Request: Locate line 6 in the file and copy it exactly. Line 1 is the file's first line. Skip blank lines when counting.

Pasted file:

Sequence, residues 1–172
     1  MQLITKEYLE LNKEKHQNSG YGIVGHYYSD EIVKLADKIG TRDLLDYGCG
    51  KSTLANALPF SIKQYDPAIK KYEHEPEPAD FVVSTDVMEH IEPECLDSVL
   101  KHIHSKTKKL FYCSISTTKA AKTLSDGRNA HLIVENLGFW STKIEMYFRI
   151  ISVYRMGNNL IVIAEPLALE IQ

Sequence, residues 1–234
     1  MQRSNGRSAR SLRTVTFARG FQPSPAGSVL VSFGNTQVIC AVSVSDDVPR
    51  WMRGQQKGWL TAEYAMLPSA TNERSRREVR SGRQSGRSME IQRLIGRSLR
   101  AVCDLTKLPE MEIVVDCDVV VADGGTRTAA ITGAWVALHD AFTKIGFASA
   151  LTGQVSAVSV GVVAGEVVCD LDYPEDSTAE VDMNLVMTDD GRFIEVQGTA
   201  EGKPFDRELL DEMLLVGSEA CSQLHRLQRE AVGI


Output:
Sequence, residues 1–234